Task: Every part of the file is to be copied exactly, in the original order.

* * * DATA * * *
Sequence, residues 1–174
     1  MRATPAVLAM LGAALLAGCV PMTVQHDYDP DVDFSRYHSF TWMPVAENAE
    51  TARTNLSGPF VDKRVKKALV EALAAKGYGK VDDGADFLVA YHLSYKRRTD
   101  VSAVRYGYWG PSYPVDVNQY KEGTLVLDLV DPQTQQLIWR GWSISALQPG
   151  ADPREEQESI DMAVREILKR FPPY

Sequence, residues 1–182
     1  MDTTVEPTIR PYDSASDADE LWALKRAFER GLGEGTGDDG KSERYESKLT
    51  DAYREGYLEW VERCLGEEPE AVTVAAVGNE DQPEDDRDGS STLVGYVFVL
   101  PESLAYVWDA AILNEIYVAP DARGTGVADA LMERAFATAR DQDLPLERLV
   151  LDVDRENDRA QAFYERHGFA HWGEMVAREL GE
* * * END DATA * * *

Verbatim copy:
Sequence, residues 1–174
     1  MRATPAVLAM LGAALLAGCV PMTVQHDYDP DVDFSRYHSF TWMPVAENAE
    51  TARTNLSGPF VDKRVKKALV EALAAKGYGK VDDGADFLVA YHLSYKRRTD
   101  VSAVRYGYWG PSYPVDVNQY KEGTLVLDLV DPQTQQLIWR GWSISALQPG
   151  ADPREEQESI DMAVREILKR FPPY

Sequence, residues 1–182
     1  MDTTVEPTIR PYDSASDADE LWALKRAFER GLGEGTGDDG KSERYESKLT
    51  DAYREGYLEW VERCLGEEPE AVTVAAVGNE DQPEDDRDGS STLVGYVFVL
   101  PESLAYVWDA AILNEIYVAP DARGTGVADA LMERAFATAR DQDLPLERLV
   151  LDVDRENDRA QAFYERHGFA HWGEMVAREL GE